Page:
Review Chapter 12 of the Schuiling and Likis text and the Dragoman et al. article in this week’s Learning Resources
Select one of the three provided case studies. Reflect on the patient information.
Consider an appropriate contraception treatment for the patient case study you selected.
Think about how you might facilitate the selection of contraception treatments with patients who do not agree with your recommendations.
Week 4 Discussion: Sexually Transmitted Infections
The Centers for Disease Control and Prevention estimates that there are 19 million new cases of sexually transmitted infections every year in the United States (CDC, 2010b). STIs may present serious health implications for infected patients—especially for those who are unaware of their health condition. Studies show that women are not only at greater risk of contracting these infections, but they also tend to have more severe health problems resulting from infections than men (U.S. Department of Health and Human Services, 2009b). As an advanced practice nurse, you must educate female patients and emphasize the importance of prevention and STI testing for all women regardless of marital status, race, ethnicity, or socioeconomic status. For this Discussion, consider STI education strategies for the three patients in the following case studies:
Case Study 1:
A 19-year-old Asian American female comes into the clinic for a well-woman checkup. She states that about three weeks ago she had a non-tender sore on her labia that resolved without treatment. Her gynecologic exam is normal but she has maculopapular lesions on her trunk, neck, palms, and soles of her feet. The remainder of her exam was unremarkable.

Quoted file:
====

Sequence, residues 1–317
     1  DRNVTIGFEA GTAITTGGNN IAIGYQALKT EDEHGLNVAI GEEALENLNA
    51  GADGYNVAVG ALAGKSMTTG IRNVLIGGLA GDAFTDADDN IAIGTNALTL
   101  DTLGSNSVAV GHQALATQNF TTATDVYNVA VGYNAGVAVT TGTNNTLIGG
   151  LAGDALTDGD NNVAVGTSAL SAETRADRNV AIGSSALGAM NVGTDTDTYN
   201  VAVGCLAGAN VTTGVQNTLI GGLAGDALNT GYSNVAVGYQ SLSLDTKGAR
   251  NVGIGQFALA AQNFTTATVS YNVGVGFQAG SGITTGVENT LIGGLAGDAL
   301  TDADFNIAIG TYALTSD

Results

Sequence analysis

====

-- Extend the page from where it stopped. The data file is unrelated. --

Case Study 2:
A 31-year-old African American female is concerned about a white vaginal discharge. She has self-treated in the past with over-the-counter vaginal creams with some success. She has had no relief thus far for this episode.
Case Study 3:
A 21-year-old nulligravida comes to see you concerned about vague lower abdominal pain for two days associated with a yellowish, nonodorous, vaginal discharge. Past history reveals regular menstrual periods and no previous surgeries or significant medical problems. Her last menstrual period was normal and ended two days ago. She had a similar episode about eight months ago for which she did not seek care because of lack of health insurance. She is currently sexually active with one partner and has had two partners in the past year. She is not using any type of contraception. On physical exam you note a temperature of 38º C, a regular pulse of 100, and a BP of 110/65. Her abdomen is diffusely tender in both lower quadrants. Pelvic exam reveals a yellowish cervical discharge with cervical motion tenderness and a tender fullness in both adnexa.
Review Chapter 20 of the Schuiling and Likis text and the Centers for Disease Control and Prevention article in this week’s Learning Resources.
Review and select one of the three provided case studies. Reflect on the patient information.
Consider a differential diagnosis for the patient in the case study you selected. Think about the most likely diagnosis for the patient.
Think about a treatment and management plan for the patient. Be sure to consider appropriate dosages for any recommended pharmacologic and/or nonpharmacologic treatments.
Consider strategies for educating patients on the treatment and management of the sexually transmitted infection you identified as your primary diagnosis.